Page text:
Image courtesy of Letters of Love

In addition to running Letters of Love, Grace and her small team must also contend with the emotions inherent in their line of work.

“There have been many, many tears cried,” she says. “Working to support children who are battling cancer and other serious and sometimes chronic illnesses can absolutely be extremely difficult mentally. I feel so blessed to be an organization that focuses solely on bringing joy to these children, though. We do everything we can to simply put a smile on their face, and ensure they know that they are so loved, so strong, and so supported by people all around the world.”

Image courtesy of Letters of Love

Letters of Love has been particularly instrumental in offering emotional support to children who have been unable to see friends and family due to COVID-19. A video campaign in the summer of 2021 even saw members of the NFL’s Minnesota Vikings and the NHL’s Minnesota Wild offer short videos of hope and encouragement to affected children.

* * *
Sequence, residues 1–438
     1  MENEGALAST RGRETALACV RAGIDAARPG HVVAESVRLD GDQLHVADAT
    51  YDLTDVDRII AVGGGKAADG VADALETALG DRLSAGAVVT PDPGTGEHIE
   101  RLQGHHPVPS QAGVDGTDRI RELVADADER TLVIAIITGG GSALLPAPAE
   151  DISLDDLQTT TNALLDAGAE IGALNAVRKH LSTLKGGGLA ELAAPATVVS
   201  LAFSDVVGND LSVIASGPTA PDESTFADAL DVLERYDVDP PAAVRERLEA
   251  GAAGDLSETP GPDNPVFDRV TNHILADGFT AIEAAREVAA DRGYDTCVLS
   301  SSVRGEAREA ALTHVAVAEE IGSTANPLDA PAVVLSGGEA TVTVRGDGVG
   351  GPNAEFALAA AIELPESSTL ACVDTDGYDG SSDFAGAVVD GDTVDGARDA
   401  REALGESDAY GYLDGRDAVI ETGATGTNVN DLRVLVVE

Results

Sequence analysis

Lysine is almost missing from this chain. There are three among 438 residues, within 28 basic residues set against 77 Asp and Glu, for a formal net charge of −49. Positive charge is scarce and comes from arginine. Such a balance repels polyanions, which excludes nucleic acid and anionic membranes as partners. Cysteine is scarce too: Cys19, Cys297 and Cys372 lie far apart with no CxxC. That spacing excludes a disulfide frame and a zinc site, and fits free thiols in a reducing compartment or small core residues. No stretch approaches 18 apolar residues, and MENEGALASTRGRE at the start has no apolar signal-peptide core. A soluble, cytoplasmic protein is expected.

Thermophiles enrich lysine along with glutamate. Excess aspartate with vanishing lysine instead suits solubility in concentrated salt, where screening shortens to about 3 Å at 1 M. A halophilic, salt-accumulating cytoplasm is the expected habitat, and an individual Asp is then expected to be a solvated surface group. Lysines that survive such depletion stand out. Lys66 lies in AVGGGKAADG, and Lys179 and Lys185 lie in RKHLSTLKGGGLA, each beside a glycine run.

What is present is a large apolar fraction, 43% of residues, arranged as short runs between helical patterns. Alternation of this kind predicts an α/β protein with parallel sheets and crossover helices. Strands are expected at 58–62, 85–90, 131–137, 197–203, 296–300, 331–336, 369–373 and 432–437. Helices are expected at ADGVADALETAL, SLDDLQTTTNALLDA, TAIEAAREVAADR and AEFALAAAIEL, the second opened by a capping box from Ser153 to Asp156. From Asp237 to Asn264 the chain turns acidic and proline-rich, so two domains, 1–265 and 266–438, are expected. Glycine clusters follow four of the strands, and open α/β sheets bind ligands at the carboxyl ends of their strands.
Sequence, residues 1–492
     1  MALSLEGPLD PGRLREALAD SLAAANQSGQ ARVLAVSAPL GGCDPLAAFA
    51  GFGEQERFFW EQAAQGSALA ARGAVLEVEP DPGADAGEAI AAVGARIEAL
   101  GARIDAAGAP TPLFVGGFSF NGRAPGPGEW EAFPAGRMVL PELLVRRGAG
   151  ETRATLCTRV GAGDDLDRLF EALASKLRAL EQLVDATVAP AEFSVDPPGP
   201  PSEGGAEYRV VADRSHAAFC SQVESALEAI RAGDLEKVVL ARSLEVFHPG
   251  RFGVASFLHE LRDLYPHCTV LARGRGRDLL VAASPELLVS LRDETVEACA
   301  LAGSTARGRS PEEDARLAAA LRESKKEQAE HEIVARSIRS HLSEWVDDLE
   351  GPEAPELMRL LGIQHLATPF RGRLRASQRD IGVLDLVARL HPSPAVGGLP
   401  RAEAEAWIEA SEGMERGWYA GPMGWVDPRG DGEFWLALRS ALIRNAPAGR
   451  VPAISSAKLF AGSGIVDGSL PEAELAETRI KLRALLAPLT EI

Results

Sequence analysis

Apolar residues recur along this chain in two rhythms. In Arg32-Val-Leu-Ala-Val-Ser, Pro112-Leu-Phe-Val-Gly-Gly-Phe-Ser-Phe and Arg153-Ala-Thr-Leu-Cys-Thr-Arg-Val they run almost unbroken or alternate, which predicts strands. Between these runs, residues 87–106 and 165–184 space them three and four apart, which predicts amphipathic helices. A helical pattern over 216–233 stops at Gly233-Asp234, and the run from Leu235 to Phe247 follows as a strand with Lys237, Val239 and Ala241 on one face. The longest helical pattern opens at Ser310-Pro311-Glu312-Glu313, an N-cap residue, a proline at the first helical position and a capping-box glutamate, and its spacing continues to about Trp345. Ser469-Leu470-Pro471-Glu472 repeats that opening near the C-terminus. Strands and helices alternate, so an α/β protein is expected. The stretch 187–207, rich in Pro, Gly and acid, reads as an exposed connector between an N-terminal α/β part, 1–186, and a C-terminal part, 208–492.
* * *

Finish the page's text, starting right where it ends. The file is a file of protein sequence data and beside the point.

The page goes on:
Grace is currently taking a gap year before she starts college so she can focus on growing Letters of Love as well as to work on various related projects, including the publication of a children’s book.

“The goal of the book is to teach children the immense impact that small acts of kindness can have, how to treat their peers who may be diagnosed with disabilities or illness, and how they are never too young to change the world,” she says.

Since she was 10, Grace has kept memories of her mother close to her, as a source of love and inspiration in her life and in the work she does with Letters of Love.

Image courtesy of Grace Berbig

“When I lost my mom, I felt like a section of my heart went with her, so ever since, I have been filling that piece with love and compassion towards others. Her smile and joy were infectious, and I try to mirror that in myself and touch people’s hearts as she did.”

For more information visit Letters of Love.

Please donate to Grace’s GoFundMe and help Letters of Love to expand, publish a children’s book and continue to reach more children in hospitals around the world.